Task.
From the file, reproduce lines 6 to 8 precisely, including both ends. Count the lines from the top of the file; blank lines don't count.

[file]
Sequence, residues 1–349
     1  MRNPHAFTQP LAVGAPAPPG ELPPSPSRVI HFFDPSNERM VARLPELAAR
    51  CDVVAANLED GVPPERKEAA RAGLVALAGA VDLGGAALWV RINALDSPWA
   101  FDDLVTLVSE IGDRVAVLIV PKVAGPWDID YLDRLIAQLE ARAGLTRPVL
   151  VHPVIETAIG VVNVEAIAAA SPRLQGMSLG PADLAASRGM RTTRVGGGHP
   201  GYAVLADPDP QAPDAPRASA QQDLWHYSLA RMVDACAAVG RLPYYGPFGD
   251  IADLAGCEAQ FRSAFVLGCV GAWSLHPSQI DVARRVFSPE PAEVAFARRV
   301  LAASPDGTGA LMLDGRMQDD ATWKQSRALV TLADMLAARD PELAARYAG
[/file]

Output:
   201  GYAVLADPDP QAPDAPRASA QQDLWHYSLA RMVDACAAVG RLPYYGPFGD
   251  IADLAGCEAQ FRSAFVLGCV GAWSLHPSQI DVARRVFSPE PAEVAFARRV
   301  LAASPDGTGA LMLDGRMQDD ATWKQSRALV TLADMLAARD PELAARYAG